Alternatively, gene therapy approaches may be designed to directly kill tumor cells using tumor-killing viruses, or through the introduction of genes termed suicide genes into the tumor cells. Scientists have generated viruses, termed oncolytic viruses, which grow selectively in tumor cells as compared to normal cells. For example, an expanding number of human viruses such as measles virus, vesticular stomatitis virus, reovirus, adenovirus, and herpes simplex virus (HSV) can be genetically modified to grow in tumor cells with consequent cell kill, but very poorly in normal cells thereby establishing a therapeutic advantage. . Oncolytic viruses spread deep into tumors to deliver a genetic payload that destroys cancerous cells. Several viruses with oncolytic properties are naturally occurring animal viruses (Newcastle Disease Virus) or are based on an animal virus such as vaccinia virus (cow pox virus or the small pox vaccine). A few human viruses such as coxsackie virus A21 are similarly being tested for these properties. In addition, oncolytic viruses can be genetically modified (i.e. GM-CSF DNA transfer)so as to enhance immunogenicity (e.g., HSV). The combination of selective oncolytic cell death with release of danger-associated molecular-patterns and tumor-associated antigens with heightened immunogenicity has been shown both enhanced local and spatially additive effects. Currently, multiple clinical trials are recruiting patients to test oncolytic viruses for the treatment of various types of cancers.
Suicide genes encode enzymes that are produced in tumor cells to convert a nontoxic prodrug into a toxic drug. Examples of suicide enzymes and their prodrugs include HSV thymidine kinase (ganciclovir), Escherichia coli purine nucleoside phosphorylase (fludarabine phosphate), cytosine deaminase (5-fluorocytosine), cytochrome p450 (cyclophosphamide), cytochrome p450 reductase (tirapazamine), carboxypeptidase (CMDA), and a fusion protein with cytosine deaminase linked to mutant thymidine kinase. Significantly, prior pilot studies suggested that the treatment of the prostate cancer cells with the suicide genes introduced by the oncolytic virus increased cancer cell sensitivity to radiation and chemotherapy.
Cellular Immune Therapy of Cancer
Most of the above approaches have the limitation that they require delivery of a "corrective" gene to every cancer cell, a demanding task. An alternative is to harness the immune system, which may have an ability to actively seek out cancer cells. In healthy adults, the immune system recognizes and kills precancerous cells as well early cancer cells, but cancer progression is an evolutionary process and results in large part from an immune-evasive adaptive response to the cancer microenvironment affecting both the afferent and efferent arms of the immune response arc. This results in inhibition of the ability of a patient’s immune system to target and eradicate the tumor cells. To this end, investigators are developing and testing several cell therapy strategies to correct impairment of the host-cancer immune interaction and as a consequence, to improve the immune system’s ability to eliminate cancer.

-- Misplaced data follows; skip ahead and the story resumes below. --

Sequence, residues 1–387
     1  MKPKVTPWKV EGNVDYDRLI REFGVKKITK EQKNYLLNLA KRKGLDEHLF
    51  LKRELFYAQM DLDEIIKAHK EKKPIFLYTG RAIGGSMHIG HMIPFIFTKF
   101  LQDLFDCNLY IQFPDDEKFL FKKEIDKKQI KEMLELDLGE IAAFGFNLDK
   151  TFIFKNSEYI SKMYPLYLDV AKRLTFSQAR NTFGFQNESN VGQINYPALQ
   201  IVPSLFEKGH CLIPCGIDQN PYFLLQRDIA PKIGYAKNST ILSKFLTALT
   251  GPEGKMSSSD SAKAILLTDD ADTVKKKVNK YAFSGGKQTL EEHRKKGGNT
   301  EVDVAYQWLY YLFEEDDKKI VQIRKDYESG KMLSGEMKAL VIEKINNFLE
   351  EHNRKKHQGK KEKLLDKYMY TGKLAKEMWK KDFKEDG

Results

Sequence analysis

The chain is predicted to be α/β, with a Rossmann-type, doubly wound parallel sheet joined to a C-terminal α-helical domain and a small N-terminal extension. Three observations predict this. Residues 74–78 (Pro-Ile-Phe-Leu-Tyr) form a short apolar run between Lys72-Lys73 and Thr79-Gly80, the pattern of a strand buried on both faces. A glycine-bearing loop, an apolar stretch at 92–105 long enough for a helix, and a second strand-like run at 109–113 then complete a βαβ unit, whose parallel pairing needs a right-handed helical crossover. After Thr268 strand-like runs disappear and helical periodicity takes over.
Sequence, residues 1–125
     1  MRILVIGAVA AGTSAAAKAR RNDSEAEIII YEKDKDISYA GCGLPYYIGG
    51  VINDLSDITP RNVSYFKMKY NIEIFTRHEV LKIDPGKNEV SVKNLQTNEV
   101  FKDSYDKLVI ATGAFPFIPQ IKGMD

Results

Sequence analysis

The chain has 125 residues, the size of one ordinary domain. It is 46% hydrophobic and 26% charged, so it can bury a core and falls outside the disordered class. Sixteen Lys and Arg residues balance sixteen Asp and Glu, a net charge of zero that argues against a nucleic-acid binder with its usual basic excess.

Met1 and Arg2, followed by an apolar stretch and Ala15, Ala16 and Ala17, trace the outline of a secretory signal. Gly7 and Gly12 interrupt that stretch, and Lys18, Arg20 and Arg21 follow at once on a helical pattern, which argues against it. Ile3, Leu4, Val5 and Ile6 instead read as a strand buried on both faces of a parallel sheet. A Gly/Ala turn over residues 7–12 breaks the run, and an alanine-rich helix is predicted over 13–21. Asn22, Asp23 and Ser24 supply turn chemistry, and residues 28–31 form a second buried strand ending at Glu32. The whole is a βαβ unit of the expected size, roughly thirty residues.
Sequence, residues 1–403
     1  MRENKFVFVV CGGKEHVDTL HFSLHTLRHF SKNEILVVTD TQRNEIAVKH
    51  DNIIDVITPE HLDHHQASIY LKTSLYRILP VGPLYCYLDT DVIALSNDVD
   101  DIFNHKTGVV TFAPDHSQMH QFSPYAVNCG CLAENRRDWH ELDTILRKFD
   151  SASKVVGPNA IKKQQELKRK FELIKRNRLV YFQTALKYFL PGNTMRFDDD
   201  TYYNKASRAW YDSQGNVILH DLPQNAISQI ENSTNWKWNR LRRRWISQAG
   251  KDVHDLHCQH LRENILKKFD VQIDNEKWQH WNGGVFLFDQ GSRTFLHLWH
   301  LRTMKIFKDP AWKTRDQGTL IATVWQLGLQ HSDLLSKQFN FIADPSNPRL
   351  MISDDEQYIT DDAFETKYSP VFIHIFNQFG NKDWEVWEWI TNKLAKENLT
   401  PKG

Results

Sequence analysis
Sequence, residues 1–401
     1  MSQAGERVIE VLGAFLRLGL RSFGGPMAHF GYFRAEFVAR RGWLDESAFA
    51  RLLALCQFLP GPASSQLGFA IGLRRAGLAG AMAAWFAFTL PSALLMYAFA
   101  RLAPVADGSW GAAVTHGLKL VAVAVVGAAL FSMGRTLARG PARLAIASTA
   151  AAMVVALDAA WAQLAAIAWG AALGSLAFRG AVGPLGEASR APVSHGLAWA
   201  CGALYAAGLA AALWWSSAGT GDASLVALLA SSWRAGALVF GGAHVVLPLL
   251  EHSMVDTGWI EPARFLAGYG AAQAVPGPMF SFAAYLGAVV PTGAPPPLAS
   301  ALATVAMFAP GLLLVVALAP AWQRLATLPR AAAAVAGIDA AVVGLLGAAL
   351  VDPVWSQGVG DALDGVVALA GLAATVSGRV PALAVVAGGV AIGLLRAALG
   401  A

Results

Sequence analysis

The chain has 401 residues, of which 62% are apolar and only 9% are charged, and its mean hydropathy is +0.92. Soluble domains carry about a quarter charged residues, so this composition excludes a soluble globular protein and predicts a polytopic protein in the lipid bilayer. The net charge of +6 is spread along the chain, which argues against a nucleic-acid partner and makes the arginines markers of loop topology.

Cell therapy for cancer refers to one or more of 3 different approaches: (i) therapy with cells that give rise to a new immune system which may be better able to recognize and kill tumor cells through the infusion of hematopoietic stem cells derived from either umbilical cord blood, peripheral blood, or bone marrow cells, (ii) therapy with immune cells such as dendritic cells which are designed to activate the patient’s own resident immune cells (e.g. T cells) to kill tumor cells, and (iii) direct infusion of immune cells such as T cells and NK cells which are prepared to find, recognize, and kill cancer cells directly. In all three cases, therapeutic cells are harvested and prepared in the laboratory prior to infusion into the patient. Immune cells including dendritic cells, T cells, and NK cells, can be selected for desired properties and grown to high numbers in the laboratory prior to infusion. Challenges with these cellular therapies include the ability of investigators to generate sufficient function and number of cells for therapy.
Clinical trials of cell therapy for many different cancers are currently ongoing. More recently, scientists have developed novel cancer therapies by combining both gene and cell therapies. Specifically, investigators have developed genes which encode for artificial receptors, which, when expressed by immune cells, allow these cells to specifically recognize cancer cells thereby increasing the ability of these gene modified immune cells to kill cancer cells in the patient. One example of this approach, which is currently being studied at multiple centers, is the gene transfer of a class of novel artificial receptors called “chimeric antigen receptors” or CARs for short, into a patient’s own immune cells, typically T cells. Investigators believe that this approach may hold promise in the future for patients many different types of cancer. To this end, multiple pilot clinical trials for a variety of cancer types using T cells genetically modified to express tumor specific CARs are ongoing, some of which are showing promising results.